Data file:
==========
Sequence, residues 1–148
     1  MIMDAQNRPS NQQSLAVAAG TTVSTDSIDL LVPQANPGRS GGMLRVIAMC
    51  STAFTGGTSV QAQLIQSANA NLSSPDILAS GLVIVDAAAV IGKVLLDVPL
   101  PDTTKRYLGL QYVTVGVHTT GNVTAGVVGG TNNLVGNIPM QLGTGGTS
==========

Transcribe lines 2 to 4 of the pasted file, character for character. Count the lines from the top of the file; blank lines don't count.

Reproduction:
     1  MIMDAQNRPS NQQSLAVAAG TTVSTDSIDL LVPQANPGRS GGMLRVIAMC
    51  STAFTGGTSV QAQLIQSANA NLSSPDILAS GLVIVDAAAV IGKVLLDVPL
   101  PDTTKRYLGL QYVTVGVHTT GNVTAGVVGG TNNLVGNIPM QLGTGGTS